University celebrates Advent with Las Posadas

first_imgAmong the Advent traditions celebrated on campus this season is Las Posadas, a procession that celebrates the journey of Mary and Joseph to the birthplace of Christ.  Three residence halls are hosting the event this week, the final part of which will start at the Grotto at 9 p.m. tonight and end at Farley Hall. Las Posadas, which means “lodgings” in Spanish, is a Christmastime tradition that originated in Spain and is now celebrated annually in Mexico, the southwestern United States and Latino communities in Central and South America.  Elaine DeBassige, rector of Farley Hall, said she grew up with the tradition of Las Posadas in New Mexico and wanted to ensure that the tradition became a part of Notre Dame’s Advent season. “Notre Dame has held Las Posadas celebrations in years past, but usually it was just one night out of the year, and I don’t think it has been this organized,” DeBassige said. In traditional Las Posadas observances, two individuals dressed as the holy couple lead a candle-lit procession to the home of a local family, who hosts a meal and prayer. A priest will normally bless the home and lead the prayer service, which often takes place on nine successive nights leading up to Christmas Eve Mass, with Mary and Joseph walking down the church aisle to meet the Christ child at the crèche. “The celebration is usually a novena,” DeBassige said. “Nine families will host the event in community, but we decided it would be easier to have only three dorms host this week.” Keenan Hall hosted the event Monday night, followed by Howard Hall on Tuesday night. Farley Hall will host the final procession tonight. The Keenan Hall procession began with prayer at the Grotto, followed by a procession featuring traditional music in Spanish, sung by the student group Coro Primavera.  Afterward, Ofelia Juarez, a Keenan Hall housekeeper, and several of her family members prepared traditional Mexican tacos for the attendees.  Keenan Hall rector Noel Terranova said Juarez has offered her cooking expertise for such events in the past. “Ofelia is part of our family,” Terranova said. “She cooked for our Las Posadas celebration last year. She brings her family, her sons and grandchildren.” As part of the procession, freshman Halie Berrigan from Farley Hall dressed up as Mary and freshman Luke Joseph from Siegfried Hall dressed up as Joseph. The two said they agreed to don the costumes for Las Posadas at the request of DeBassige. “We have a Monday night tradition where we have Mass and she feeds us, so she asked if we wanted to be Mary and Joseph,” Joseph said. Las Posadas was new for many students who took part in the event, including Berrigan. “I hadn’t heard of Las Posadas,” Berrigan said. “It’s a new tradition for me, and it’s cool to be a part of it.” Contact Charlie Ducey at [email protected]last_img read more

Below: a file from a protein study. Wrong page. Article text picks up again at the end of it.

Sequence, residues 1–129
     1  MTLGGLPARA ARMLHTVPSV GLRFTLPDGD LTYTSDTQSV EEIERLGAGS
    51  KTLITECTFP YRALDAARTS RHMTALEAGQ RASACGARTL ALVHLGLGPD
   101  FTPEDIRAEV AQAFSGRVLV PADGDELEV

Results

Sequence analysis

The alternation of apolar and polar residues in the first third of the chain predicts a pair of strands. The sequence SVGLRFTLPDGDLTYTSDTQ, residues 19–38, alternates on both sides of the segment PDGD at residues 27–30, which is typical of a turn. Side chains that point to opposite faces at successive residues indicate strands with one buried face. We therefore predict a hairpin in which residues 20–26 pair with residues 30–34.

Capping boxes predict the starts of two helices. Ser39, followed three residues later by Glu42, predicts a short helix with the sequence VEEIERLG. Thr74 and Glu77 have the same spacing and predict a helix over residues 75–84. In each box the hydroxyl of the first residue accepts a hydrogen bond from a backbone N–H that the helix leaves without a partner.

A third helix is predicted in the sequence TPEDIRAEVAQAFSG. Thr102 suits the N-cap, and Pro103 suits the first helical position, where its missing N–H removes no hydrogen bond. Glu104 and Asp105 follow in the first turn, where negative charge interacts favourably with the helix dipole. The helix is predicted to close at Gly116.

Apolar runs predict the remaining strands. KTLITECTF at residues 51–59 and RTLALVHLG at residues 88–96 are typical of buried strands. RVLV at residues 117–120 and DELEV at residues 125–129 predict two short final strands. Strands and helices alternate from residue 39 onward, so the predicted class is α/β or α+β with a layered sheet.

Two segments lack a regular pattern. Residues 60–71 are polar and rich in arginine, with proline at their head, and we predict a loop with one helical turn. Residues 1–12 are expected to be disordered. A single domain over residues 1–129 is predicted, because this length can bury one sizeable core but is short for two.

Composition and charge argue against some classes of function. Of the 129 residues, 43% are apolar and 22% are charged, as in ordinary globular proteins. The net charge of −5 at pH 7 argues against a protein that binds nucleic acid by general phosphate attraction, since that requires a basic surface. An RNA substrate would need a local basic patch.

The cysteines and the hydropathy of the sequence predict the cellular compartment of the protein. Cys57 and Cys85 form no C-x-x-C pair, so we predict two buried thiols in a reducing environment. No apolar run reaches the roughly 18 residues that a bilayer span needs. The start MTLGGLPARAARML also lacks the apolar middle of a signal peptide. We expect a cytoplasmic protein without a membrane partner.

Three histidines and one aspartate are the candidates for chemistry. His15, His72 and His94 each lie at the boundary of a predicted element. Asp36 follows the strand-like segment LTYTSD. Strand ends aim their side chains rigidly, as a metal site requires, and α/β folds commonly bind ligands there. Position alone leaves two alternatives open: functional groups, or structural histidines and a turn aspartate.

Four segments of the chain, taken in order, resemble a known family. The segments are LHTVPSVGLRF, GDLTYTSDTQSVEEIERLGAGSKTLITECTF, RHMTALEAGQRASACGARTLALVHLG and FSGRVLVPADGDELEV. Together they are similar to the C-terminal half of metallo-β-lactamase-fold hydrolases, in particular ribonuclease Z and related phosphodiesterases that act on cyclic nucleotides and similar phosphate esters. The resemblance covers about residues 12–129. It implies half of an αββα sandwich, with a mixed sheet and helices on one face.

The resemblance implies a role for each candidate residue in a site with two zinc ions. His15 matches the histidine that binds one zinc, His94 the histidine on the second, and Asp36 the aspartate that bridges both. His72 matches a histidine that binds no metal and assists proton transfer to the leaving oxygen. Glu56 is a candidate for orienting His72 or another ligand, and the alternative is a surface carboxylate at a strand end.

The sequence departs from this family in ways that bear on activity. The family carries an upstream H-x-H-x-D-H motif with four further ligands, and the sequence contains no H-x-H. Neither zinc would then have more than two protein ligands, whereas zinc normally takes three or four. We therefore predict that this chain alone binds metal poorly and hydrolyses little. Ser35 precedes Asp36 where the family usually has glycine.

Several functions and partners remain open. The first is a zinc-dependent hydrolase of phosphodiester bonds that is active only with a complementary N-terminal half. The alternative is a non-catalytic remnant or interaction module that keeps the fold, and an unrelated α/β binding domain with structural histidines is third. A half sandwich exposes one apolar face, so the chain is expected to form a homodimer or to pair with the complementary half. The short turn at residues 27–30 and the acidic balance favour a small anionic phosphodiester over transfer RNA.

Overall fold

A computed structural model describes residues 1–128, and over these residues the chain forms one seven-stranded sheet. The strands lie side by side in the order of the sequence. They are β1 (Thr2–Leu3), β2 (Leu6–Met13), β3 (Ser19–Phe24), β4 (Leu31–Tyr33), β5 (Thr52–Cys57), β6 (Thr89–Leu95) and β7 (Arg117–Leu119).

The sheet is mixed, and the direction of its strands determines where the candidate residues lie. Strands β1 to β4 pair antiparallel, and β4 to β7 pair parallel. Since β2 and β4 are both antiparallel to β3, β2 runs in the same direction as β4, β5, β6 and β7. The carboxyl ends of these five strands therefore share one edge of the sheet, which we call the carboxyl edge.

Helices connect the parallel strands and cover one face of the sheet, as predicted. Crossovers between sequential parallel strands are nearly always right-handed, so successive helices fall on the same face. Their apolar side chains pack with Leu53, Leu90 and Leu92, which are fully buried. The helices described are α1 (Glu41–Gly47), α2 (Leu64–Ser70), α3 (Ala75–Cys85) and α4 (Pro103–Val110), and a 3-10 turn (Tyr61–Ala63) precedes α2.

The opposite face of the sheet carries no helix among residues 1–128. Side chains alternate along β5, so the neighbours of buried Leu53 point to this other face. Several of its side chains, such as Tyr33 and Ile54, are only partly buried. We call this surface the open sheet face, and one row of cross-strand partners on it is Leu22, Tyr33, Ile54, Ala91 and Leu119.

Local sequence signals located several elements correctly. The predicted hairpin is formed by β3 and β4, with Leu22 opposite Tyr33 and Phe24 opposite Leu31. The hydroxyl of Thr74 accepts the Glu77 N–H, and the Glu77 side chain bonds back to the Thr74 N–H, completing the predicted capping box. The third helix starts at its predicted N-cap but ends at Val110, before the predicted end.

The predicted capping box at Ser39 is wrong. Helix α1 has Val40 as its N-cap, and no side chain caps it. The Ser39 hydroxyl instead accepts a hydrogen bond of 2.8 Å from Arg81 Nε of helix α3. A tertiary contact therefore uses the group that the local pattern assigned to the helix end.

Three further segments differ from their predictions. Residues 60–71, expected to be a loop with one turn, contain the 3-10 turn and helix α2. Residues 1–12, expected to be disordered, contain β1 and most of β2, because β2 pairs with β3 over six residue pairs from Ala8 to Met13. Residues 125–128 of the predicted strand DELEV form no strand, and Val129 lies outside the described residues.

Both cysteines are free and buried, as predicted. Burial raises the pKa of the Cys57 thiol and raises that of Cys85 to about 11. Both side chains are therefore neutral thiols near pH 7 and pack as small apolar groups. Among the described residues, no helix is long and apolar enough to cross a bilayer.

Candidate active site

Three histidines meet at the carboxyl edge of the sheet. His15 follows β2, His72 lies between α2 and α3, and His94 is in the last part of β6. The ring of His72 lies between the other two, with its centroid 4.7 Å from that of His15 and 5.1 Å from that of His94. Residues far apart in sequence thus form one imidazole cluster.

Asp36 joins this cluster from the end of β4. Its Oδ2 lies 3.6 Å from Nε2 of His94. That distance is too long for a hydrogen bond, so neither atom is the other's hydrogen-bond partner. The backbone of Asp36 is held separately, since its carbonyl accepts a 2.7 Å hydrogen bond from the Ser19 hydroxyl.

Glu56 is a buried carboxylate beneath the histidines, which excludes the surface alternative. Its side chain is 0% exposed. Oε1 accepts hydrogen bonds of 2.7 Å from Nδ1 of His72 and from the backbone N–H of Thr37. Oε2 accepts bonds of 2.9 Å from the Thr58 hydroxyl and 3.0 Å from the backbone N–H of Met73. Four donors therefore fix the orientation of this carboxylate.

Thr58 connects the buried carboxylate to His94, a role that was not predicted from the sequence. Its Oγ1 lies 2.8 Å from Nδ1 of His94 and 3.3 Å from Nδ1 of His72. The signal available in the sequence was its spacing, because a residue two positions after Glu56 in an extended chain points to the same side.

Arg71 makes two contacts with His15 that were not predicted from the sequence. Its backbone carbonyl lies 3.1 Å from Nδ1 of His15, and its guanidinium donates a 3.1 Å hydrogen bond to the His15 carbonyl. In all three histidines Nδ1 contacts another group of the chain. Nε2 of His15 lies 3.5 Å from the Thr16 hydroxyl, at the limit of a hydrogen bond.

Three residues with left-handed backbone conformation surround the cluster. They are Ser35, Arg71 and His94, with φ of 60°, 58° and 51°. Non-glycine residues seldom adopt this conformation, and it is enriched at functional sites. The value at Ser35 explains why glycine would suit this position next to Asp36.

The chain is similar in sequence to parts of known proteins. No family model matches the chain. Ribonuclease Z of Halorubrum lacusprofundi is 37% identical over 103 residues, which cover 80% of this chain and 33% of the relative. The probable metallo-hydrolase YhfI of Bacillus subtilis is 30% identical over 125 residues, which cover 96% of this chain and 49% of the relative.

Ohio Contractor Transitions From Nuclear and Coal to Solar

first_imgOhio Contractor Transitions From Nuclear and Coal to Solar FacebookTwitterLinkedInEmailPrint分享Midwest Energy News:An Ohio construction firm that got its start working on nuclear and coal-fired power plants is now experiencing steady growth from solar and energy efficiency projects for industrial and institutional customers.Rudolph Libbe Group celebrated a ribbon-cutting ceremony last week at its new Northeast Ohio headquarters in suburban Cleveland. The renovated building is the first of three on what will be a seven-acre regional campus. The Toledo-based company outgrew its previous regional facilities, having gone from two employees in Northeast Ohio to more than 200 in less than 15 years. A large chunk of that growth has come from efficiency and renewable projects.Rudolph Libbe Group’s companies have had “a connection—a legacy—with the energy industry for a long time,” said Rudolph Libbe Group Chairman Bill Rudolph. “We’ve been part of this shift of the energy industry.”The Davis-Besse nuclear power plan was the largest customer in the early days of the GEM part of the company’s business. Then the company expanded into work at coal-fired power plants, including projects for FirstEnergy at its former Bay Shore and Eastlake plants and elsewhere. Over the years, the firm’s companies have also done extensive work at petroleum refineries in the Toledo area.Rudolph Libbe Group got into solar energy about ten years ago with a project for the National Guard. Since then, the group’s GEM Energy company has gained extensive experience building solar arrays, including 2-megawatt and 1-megawatt arrays at Ohio Northern University in Walbridge. On April 27, Rudloph Libbe Inc. announced it has been named the design/build contractor for First Solar’s new 1.2-gigawatt solar module factory in Northwest Ohio.As Rudolph sees it, renewable energy and energy efficiency provide “triple bottom line” benefits for a customer’s facility. “You can make it better comfort. You can help reduce your operating expenses. And it’s good for the environment.”More: Ohio Construction Firm Grows With Region’s Clean Energy Transitionlast_img read more